There seems to be no shortage of appetite for inspirational content in the news for Malaysians. Success stories from any one of us always make news, as they have always been. Nowadays, they do not only guarantee viral sharing but also invite discussions among the public.
Christine Chew cut a disconsolate figure as she positioned herself at the entrance of the state mosque, Masjid Jamek, in Petra Jaya on Thursday.
The British prime minister has indicated that the United Kingdom will formally trigger Brexit by March. Britain will then have two years to negotiate an amicable exit.
I had just finished a highly readable biography of Sir Stamford Raffles when a friend of almost 50 years invited me to visit him in the Lion city, which I hadn’t visited in over two years. My impression is that Raffles wasn’t a showy guy.
On Dec 24, a bus crash in the North-South Expressway in Pagoh, Muar, resulted in the deaths of 14 people and injured many others. There were much dismay and anger from those who lost loved ones.
On friday, Americans will have a new head of state with the inauguration of Donald J. Trump as the 45th president. As they bid farewell to Barack Obama, many have started recalling his achievements and contributions over the last eight years.
Ah Beng is the only son of a couple who operate a food stall in town.
Many cultural aspects are left for dead in Malaysia, but in this case, it is a lot better to kill off corruption, which is fast evolving into a practical culture.
During the 1980s and 1990s, it was the industrial revolution in the country which saw the mushrooming of several foreign and local companies rolling out manufactured goods to capitalise on the robust global economy.
Barely a week after New Year’s Day, Bank of England’s chief economist Andy Haldane admitted to his profession’s failure of foreseeing a financial crisis and miscalculating the impact of Brexit.
As the intrepid wanders the streets of Kuala Lumpur, he will encounter the most astounding spectrum of vistas on display.
I could not agree more with Malaysian Association of Foreign Maid Agencies president Jeffrey Foo, who said that increasing the fine for employers of illegal workers under the Employment Restriction Act is not the solution, but, rather, enforcement is the key.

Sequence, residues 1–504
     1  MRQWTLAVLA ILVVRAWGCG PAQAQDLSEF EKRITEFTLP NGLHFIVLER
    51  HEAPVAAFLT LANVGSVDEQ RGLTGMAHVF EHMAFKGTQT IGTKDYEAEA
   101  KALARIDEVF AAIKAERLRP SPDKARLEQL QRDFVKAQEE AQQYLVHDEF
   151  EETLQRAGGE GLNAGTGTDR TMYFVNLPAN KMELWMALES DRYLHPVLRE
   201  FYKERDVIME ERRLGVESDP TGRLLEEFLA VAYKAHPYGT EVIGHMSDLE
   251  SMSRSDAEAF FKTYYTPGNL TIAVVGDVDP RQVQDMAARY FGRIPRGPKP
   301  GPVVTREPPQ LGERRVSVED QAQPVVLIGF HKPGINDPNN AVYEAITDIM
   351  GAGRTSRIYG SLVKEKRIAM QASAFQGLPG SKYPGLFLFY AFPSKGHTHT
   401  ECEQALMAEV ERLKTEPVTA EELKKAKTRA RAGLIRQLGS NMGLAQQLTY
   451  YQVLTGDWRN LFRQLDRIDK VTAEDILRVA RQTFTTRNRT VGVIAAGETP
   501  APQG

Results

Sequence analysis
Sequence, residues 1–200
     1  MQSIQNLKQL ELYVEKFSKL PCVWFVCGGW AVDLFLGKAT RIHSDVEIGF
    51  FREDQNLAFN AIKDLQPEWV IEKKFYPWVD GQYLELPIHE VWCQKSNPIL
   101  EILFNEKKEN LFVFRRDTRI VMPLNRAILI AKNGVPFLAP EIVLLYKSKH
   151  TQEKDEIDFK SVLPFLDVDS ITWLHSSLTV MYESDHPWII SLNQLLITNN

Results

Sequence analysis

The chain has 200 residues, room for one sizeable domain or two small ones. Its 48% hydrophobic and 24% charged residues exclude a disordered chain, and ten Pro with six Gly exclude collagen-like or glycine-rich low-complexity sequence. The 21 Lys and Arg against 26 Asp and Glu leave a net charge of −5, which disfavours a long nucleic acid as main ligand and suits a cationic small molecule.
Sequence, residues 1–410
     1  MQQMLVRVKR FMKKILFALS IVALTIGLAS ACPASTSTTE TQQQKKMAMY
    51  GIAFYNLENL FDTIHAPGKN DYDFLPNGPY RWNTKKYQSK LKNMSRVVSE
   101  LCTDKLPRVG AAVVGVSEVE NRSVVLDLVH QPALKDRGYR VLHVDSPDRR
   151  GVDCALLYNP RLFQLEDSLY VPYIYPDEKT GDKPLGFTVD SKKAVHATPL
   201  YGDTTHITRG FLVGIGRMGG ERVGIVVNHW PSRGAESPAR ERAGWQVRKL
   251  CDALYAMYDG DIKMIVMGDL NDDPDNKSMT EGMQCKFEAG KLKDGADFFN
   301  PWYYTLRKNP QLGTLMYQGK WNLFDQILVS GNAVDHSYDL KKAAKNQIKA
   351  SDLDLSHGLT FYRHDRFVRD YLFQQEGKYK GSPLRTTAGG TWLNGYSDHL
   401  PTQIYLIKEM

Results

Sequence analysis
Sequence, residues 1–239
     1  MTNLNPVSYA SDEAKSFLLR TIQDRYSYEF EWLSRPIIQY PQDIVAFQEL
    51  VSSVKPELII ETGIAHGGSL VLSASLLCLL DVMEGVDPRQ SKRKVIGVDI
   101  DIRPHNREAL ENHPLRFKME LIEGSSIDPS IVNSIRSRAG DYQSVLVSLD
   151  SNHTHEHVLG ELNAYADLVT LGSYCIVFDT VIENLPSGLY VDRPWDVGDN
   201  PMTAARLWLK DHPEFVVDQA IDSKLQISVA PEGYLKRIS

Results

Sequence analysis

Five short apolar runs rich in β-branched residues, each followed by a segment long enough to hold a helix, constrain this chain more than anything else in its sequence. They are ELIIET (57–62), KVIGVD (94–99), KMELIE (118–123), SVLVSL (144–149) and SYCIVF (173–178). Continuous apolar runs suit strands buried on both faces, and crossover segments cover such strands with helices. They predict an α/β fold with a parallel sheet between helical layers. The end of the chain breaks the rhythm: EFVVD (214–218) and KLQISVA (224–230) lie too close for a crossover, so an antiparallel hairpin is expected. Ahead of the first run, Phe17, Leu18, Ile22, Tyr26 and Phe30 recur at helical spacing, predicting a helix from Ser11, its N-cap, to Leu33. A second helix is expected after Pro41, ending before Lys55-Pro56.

The death of Sarawak chief minister Tan Sri Adenan Satem came as a shock to us. It marked the exit of a great leader, not only revered and respected in his state, but also in Malaysia.
How do we develop a strong maintenance culture in Malaysia in the interest of public safety and convenience?
THE Kelantan government is still in denial that logging and land-clearing activities have caused or worsened floods, even after the 2014 flood, which was the worst the country has ever seen in almost half a century.
As early as 8am, thousands of Kedahans from all walks of life — children, the young and the old — gathered at the Sultan Abdul Halim Airport and the 6km road to Istana Anak Bukit.
Coming after a full 48 hours had elapsed since the passing of their chief minister, the late Tan Sri Adenan Satem last Wednesday, Sarawakians must be relieved that the suspense over who would succeed him is over.
This is a story about the Kelantan flood; about how a natural disaster could have been mitigated by humans but wasn’t, and even worsened by them.
Recently, the Malaysian Anti-Corruption Commission (MACC) has cast its net more efficiently across the bureaucracy and caught some high-ranking public servants allegedly thieving public money. Its actions must be lauded.
“EVERY day is a great day to take a few cars off the road.”
I REFER to the Spotlight on healthcare, “Sounding the alarm on shortage of nurses” and the need for 130,000 more qualified nurses by 2020 (New Sunday Times, Jan 1).
CORRUPTION is no longer alien to the country. Granted, suspicions were rife that it explains the ostentation of the undeserving some, but the Anti-Corruption Agency (ACA), the precursor to the Malaysian Anti-Corruption Commission (MACC), appeared to have little to do.
THE government’s call to protect the environment while providing affordable houses must be applauded.
OVER the years, there have been numerous reports of horrific child deaths due to the negligence of parents and caregivers.
MALAYSIA was in the news recently as 254 pieces of ivory, worth RM7.2 million, were seized at the Kuala Lumpur International Airport, believed to have been smuggled from the Democratic Republic of the Congo.
ENSURING that the state is secure from cyberthreats is increasingly becoming the priority of states all over the world, sometimes clashing with concerns over privacy.
WHEN Penang-born football player Mohd Faiz Subri was nominated for the prestigious Fifa Puskas Award for the best goal of 2016, Malaysians all across the globe jumped for joy.
IF there is anyone out there looking for inspiration, I would recommend them to watch the Hindi movie, Dangal.
WHEN Obama set foot in Malaysia in 2014, I wrote a ‘song’ about America and me. Someone in Bangkok was enraged at what he read. He thought it was a paean, and this caused him great pain. To me he wrote a witheringly scornful missive.
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